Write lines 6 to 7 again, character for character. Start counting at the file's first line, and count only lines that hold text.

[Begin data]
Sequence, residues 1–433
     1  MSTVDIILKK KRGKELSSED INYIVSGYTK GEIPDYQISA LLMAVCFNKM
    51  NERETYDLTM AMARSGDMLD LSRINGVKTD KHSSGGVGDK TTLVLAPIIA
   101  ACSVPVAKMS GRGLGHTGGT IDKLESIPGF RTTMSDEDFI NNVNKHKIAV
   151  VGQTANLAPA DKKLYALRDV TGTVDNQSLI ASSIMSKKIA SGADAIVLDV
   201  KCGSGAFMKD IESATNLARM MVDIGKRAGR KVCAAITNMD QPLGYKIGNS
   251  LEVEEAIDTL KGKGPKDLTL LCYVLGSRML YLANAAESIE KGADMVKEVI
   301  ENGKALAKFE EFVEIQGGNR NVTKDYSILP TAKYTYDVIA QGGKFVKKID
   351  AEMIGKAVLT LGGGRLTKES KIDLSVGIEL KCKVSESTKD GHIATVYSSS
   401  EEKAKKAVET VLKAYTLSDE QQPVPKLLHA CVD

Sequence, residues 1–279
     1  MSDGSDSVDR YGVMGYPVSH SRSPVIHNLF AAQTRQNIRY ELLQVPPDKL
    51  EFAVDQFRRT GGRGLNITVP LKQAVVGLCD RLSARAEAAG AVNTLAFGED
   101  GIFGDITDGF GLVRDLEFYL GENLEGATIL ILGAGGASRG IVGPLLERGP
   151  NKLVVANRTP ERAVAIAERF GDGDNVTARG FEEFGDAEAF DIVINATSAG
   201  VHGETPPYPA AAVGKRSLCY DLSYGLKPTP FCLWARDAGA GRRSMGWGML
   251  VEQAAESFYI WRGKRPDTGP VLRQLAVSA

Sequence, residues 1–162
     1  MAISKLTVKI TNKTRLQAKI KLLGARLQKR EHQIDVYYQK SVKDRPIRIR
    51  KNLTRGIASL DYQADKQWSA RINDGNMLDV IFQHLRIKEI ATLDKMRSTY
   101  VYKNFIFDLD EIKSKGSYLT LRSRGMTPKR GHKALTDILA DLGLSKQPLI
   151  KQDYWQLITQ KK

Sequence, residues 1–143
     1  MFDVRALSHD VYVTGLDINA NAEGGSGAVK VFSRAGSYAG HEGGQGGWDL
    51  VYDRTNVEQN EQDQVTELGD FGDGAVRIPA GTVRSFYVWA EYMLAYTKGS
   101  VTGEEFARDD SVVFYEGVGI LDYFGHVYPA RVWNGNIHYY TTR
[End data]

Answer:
   201  KCGSGAFMKD IESATNLARM MVDIGKRAGR KVCAAITNMD QPLGYKIGNS
   251  LEVEEAIDTL KGKGPKDLTL LCYVLGSRML YLANAAESIE KGADMVKEVI